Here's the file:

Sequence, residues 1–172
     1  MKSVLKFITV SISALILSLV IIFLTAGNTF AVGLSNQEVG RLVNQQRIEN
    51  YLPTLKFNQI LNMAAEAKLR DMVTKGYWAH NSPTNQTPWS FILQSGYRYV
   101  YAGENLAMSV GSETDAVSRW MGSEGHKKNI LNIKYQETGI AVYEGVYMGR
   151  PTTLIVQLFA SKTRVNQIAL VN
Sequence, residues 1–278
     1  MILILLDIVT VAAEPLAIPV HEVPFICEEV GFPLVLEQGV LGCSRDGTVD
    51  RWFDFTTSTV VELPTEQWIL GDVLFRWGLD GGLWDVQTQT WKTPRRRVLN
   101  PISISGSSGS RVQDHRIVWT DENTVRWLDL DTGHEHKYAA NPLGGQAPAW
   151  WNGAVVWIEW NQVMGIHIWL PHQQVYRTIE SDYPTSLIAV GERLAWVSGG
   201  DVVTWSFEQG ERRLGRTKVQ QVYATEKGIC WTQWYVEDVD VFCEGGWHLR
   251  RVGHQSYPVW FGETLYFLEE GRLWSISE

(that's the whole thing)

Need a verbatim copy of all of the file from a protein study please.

Sequence, residues 1–172
     1  MKSVLKFITV SISALILSLV IIFLTAGNTF AVGLSNQEVG RLVNQQRIEN
    51  YLPTLKFNQI LNMAAEAKLR DMVTKGYWAH NSPTNQTPWS FILQSGYRYV
   101  YAGENLAMSV GSETDAVSRW MGSEGHKKNI LNIKYQETGI AVYEGVYMGR
   151  PTTLIVQLFA SKTRVNQIAL VN
Sequence, residues 1–278
     1  MILILLDIVT VAAEPLAIPV HEVPFICEEV GFPLVLEQGV LGCSRDGTVD
    51  RWFDFTTSTV VELPTEQWIL GDVLFRWGLD GGLWDVQTQT WKTPRRRVLN
   101  PISISGSSGS RVQDHRIVWT DENTVRWLDL DTGHEHKYAA NPLGGQAPAW
   151  WNGAVVWIEW NQVMGIHIWL PHQQVYRTIE SDYPTSLIAV GERLAWVSGG
   201  DVVTWSFEQG ERRLGRTKVQ QVYATEKGIC WTQWYVEDVD VFCEGGWHLR
   251  RVGHQSYPVW FGETLYFLEE GRLWSISE